Let’s do the math, 4,233 miles, 17.5 days, over 240 miles a day—an ambitious rate to travel coast to coast nonstop, unsupported, while living from the seat of a bicycle. Director Mike Dion’s Inspired to Ride is rooted in the journey of an elite group of athletes competing in the 2014 Trans Am Bike Race. Beyond that, it’s a story of pushing mental and physical limits. “560 miles in, I still haven’t looked at my bare feet yet,” Mike Hall admits to the camera. In 2012, Hall set the Guinness World Record for the fastest unsupported circumnavigation of the world. Hall has an unmeasurable intent to win and his methods question what it is to compete at this level. From working on only a few hours of sleep caught in state park bathrooms, living off a mix of liquid diets and two-day-old Subway sandwiches, the tour pushes everything into the foreground. Riders intensely focus on preparation, navigation, maintenance, conditioning and care in this expedition across North America. If you want to watch a film about the beauty of this country and the people in it, clip in for some harrowing riding and questionable rashes. On the ride Hall said, “People ask me if I’d like to bike around the world again and just enjoy it, but if you like to race— going slow isn’t necessarily what’s enjoyable.” Reviewed by Kirk Rasmussen, NOLS Video Producer, ©Mike Dion.


Hey, NOLS Grads!

The Alumni Newsletter provides:

Subscribe to our brand-new electronic Alumni Newsletter!

• News about NOLS • The scoop on alumni discounts and benefits • Curriculum and career services updates • Alumni-only trips, seminars, local events and networking opportunities


Spring 2016



Drinking from a LifeStraw. Courtsey of Aran Seaman



LifeStraw is a personal water filter that removes bacteria and protozoa from water. This product was developed in response to Guinea worm disease, which is the cause of water contamination in some countries, but has also gained traction in the outdoor community. This product was introduced in 2005 and is an ultra light, travel friendly, and straw-like filter. In 2008 the product was made available to consumers, who were mostly outdoor enthusiasts. Since it is a straw, it is designed to drink directly from streams or lakes. It is challenging to use the product, since the user has to lie down to sip from a stream or lake. When the user has walked away from the water source, they won’t have water to drink unless they’ve filled up their water bottle. Another way to use the product is to fill a water bottle and drink from it through your LifeStraw. We had the chance to catch up with Aran Seaman, the North American Distributor for LifeStraw, who has worked for the company since the inception of the product. Originally developed because of Guinea worm disease, hollow fiber filters are gaining traction in developing countries where safe drinking water is not readily available.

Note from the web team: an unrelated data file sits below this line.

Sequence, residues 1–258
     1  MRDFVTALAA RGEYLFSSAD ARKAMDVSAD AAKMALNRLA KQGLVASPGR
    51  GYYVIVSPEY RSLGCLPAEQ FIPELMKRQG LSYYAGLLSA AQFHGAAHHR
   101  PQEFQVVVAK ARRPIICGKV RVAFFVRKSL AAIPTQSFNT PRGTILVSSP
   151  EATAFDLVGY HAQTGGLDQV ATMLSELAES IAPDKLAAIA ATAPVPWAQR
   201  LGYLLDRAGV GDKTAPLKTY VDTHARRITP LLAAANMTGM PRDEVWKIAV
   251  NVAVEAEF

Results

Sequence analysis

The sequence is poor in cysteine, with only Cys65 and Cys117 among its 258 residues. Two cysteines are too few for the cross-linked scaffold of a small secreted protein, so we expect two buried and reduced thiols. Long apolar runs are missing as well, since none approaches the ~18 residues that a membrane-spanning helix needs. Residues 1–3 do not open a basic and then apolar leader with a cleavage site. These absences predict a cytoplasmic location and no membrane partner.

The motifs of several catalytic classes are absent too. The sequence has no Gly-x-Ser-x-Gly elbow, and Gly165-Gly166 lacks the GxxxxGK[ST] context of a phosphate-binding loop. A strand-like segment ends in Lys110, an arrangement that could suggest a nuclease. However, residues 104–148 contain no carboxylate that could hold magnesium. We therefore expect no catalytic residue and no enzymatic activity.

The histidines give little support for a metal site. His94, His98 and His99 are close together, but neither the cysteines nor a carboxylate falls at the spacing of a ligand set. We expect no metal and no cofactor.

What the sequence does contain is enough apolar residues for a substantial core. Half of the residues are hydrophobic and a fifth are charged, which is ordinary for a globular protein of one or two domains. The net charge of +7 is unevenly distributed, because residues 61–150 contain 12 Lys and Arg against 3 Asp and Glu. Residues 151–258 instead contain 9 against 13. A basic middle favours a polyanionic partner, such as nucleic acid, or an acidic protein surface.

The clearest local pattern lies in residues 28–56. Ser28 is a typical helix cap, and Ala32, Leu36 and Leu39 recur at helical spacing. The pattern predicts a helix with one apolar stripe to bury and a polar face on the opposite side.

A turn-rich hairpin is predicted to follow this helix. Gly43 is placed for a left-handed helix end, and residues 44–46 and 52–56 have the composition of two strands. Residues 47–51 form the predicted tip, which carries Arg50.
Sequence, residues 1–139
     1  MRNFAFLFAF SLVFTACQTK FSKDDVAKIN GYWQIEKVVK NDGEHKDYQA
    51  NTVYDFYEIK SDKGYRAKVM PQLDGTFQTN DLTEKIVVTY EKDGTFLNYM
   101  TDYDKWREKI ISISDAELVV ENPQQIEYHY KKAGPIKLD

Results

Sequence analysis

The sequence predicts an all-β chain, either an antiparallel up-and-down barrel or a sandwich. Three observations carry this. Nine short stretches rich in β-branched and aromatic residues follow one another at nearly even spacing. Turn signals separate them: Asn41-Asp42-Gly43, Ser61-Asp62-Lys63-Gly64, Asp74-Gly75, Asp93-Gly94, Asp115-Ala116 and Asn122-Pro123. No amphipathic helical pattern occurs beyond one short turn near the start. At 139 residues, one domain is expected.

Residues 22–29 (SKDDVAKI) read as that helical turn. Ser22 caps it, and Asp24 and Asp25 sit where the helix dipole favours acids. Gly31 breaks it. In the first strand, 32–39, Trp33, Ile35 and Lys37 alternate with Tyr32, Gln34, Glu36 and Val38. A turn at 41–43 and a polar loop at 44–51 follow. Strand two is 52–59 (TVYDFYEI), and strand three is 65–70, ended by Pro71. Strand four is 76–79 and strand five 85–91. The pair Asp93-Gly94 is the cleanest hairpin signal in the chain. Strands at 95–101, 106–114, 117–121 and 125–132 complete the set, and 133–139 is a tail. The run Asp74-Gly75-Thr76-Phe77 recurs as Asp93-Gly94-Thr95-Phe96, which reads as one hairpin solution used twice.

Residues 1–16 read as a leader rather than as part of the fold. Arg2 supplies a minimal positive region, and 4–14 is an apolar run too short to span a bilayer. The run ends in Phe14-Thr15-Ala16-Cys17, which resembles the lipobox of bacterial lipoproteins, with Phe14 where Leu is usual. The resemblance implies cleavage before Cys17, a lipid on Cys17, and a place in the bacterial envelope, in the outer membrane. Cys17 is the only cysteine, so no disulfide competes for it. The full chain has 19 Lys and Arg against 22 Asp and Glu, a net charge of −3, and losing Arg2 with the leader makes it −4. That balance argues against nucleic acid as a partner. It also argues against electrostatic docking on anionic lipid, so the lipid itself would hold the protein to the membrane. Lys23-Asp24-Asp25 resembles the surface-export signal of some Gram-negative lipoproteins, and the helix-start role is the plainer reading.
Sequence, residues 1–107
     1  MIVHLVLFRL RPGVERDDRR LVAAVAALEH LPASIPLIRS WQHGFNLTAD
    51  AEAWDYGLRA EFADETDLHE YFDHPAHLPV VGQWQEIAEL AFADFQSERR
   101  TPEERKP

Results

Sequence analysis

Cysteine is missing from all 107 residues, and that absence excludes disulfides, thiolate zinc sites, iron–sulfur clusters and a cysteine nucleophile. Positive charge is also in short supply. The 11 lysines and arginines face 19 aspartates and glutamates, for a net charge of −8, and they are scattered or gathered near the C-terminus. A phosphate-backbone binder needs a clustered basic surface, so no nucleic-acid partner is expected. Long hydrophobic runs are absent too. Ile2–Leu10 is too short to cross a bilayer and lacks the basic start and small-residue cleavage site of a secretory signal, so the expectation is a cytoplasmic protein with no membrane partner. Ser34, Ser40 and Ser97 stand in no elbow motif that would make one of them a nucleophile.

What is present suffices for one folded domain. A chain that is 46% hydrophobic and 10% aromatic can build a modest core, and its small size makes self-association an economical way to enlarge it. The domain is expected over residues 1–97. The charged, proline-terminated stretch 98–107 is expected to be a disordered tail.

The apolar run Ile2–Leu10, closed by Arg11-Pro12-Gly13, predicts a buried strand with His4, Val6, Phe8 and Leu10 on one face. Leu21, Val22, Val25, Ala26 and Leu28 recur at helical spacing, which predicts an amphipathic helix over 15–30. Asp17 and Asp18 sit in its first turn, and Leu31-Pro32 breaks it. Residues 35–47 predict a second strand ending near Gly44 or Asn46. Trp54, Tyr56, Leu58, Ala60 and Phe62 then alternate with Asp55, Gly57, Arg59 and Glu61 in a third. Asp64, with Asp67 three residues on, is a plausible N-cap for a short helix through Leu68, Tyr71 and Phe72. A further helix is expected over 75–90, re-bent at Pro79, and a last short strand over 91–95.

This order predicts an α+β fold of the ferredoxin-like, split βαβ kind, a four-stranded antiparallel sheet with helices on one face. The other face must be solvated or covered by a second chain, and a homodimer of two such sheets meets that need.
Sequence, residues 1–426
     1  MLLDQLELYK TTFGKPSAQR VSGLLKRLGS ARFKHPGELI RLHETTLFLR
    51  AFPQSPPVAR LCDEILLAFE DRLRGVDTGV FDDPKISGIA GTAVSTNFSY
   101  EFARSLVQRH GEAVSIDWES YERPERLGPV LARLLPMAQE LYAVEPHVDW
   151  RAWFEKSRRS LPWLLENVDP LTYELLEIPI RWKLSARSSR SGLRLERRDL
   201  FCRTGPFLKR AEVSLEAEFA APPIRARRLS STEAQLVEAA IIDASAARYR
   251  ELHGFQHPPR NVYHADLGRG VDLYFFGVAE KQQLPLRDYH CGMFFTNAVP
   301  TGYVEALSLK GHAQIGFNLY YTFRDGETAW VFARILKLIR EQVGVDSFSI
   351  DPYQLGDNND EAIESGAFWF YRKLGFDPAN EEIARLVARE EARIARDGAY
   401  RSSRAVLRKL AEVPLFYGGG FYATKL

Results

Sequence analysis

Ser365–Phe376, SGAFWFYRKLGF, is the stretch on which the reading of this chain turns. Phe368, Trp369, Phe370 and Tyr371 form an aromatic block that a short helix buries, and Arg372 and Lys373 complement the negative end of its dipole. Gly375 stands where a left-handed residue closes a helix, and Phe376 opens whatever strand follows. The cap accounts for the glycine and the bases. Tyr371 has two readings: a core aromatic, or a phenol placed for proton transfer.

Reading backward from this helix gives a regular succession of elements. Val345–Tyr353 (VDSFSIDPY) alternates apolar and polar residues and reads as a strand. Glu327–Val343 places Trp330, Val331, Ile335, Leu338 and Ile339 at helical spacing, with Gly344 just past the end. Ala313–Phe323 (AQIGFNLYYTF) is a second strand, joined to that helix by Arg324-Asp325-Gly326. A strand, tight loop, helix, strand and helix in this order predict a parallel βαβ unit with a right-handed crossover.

In 2014, LifeStraw launched their “Follow the Liters” program, which gives a child in developing countries safe drinking water for an entire school year. This initiative started in western Kenya, and today has expanded to four different countries. Larger Lifestraw community purifiers are distributed to schools identified as not having safe drinking water. In addition to providing these water filters, LifeStraw donates money to help support health education and follow-up visits to make sure the filters are used correctly and have a positive impact on the schools. In addition to the philanthropic efforts, the LifeStraw personal water filter is prominent in the outdoor market. Hikers and backpackers choose this water filtration system because it is lightweight, easy to use, and does not require any wait time to purify drinking water. It also covers the major risks in North American water­—bacteria and protozoa­­—and is an inexpensive upfront purchase. When choosing a water purification system to take into the backcountry, consider taking one that supports the philanthropic efforts of providing LifeStraw products to children in developing countries. The LifeStraw personal water filter retails for about $20. LifeStraw’s parent company is Vestergaard, and their brands are dedicated to improving community health. In North America, distributes this product. Interested in learning more? Visit for more information on the Personal Water Filter, recent philanthropic efforts, and other products.


What is the Paleo diet? The Paleo (Pa·le·o) diet is based on the types of foods presumed to have been eaten by early humans, consisting chiefly of meat, fish, vegetables, and fruit, and excluding dairy or grain products and processed food.

In 2013, Wyoming native Ty Soukup launched Paleo Meals To Go as a source for backpack-friendly Paleo meals. They now have about a half-dozen pre-packaged, freeze-dried meal and snack options ready for the outdoors. I field-tested their gluten-free, grain-free, milk-free, soy-free, nut-free “Summit Savory Chicken” on a recent course in the Frozen Lakes area of the southern Wind River Mountains. The Pros: • If low-weight packing is your goal, this packet meal is durable and incredibly light at 2.89 oz. • Preparation couldn’t be easier. Basically open the packet, add boiling water, and wait a few minutes. • Minimal waste or clean up. • The ingredients seem right in line for folks with a Paleo goal. • It smells and tastes attractive without excessive salt or oddball additives. The Cons: • The portions are pretty small for a hungry two-person mountain team. One packet alone won’t keep the tent group happy. • Like many freeze-dried meals, taste was pretty flat, but a robust spice kit will increase satisfaction. • At $12.99, the per-meal pricing seems higher than some competing (probably less nutritious and certainly non-Paleo) brands. The Upshot: • If light, easy, and Paleo are your big backcountry food goals, Paleo Meals To Go is well worth a try. Check them out at